Looking for a way to save money on your gardening water bill? Maybe you've faced some excess rain flow in the last few weeks and are trying to avoid flooding. Rain gardens are a relatively simple and very effective way to address these issues! Most people know that rain gardens are used to improve the water quality in their local environment, but did you know they can do the same for your garden?
Let's get started!
Photo by the Nature Conservancy in Washington
The rain garden design allows for stormwater runoff to collect in a patch of soil teeming with plants and organisms that will break down pollutants. Phosphorus, nitrogen, heavy metals, and hydrocarbons are often found in stormwater. These pollutants can be dangerous to local wildlife, but plants have a miraculous talent for transforming them. This process also cleans water for healthy use in other areas of the garden! When you design your rain garden, drainage is one of the most important features. The goal is not to have a small pond in your space, but a collection site where water can drain properly. Sand, stones, compost, and topsoil are the ideal mix.
Tip: Don't center your rain garden above sewage or utility lines. Use this resource to check where you should dig in your yard.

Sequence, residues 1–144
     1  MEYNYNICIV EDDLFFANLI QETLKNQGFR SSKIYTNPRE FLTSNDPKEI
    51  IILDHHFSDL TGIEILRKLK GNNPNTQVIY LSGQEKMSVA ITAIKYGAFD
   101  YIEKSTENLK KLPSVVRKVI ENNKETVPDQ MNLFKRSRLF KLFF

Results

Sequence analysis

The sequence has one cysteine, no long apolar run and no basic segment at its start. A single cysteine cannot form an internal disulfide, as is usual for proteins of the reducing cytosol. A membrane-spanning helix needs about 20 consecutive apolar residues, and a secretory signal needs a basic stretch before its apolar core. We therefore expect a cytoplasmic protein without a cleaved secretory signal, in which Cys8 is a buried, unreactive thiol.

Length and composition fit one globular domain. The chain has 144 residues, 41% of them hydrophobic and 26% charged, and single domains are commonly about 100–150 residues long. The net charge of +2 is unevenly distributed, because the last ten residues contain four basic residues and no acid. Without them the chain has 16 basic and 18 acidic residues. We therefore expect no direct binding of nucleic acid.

Rain Garden Varieties
Purple Cone Flowers!
the main portion of your rain garden, it's important to find native plants, especially perennials. To find native plants in your area, use the native plant finder tool here! Some of the most popular varieties for rain gardens in the midwest are black-eyed susans, ferns, coneflowers, and many more. Native plants will root much deeper than non-native plants. Their extended root systems will help with the drainage and water uptake capacities in your space.
A Rain Garden For Your Vegetable Garden
For organic gardens, stormwater isn't an ideal thing to add straight to your vegetable garden. However, there is a way to utilize a rain garden design to serve your vegetable garden as much as possible to save money on watering! In the process of digging the filter trenches for your rain garden, extend the drainage until it reaches your vegetable plants. As the water moves through perennial plants, and the soil surrounding them, it will eventually saturate your vegetable pad! Planting flowers and perennials on the outer layer of your rain garden is a great way to go. They will act as the first line of defense against pollutants and leave cleaner water to develop the harvest!
– Kaitlynn from MIgardener
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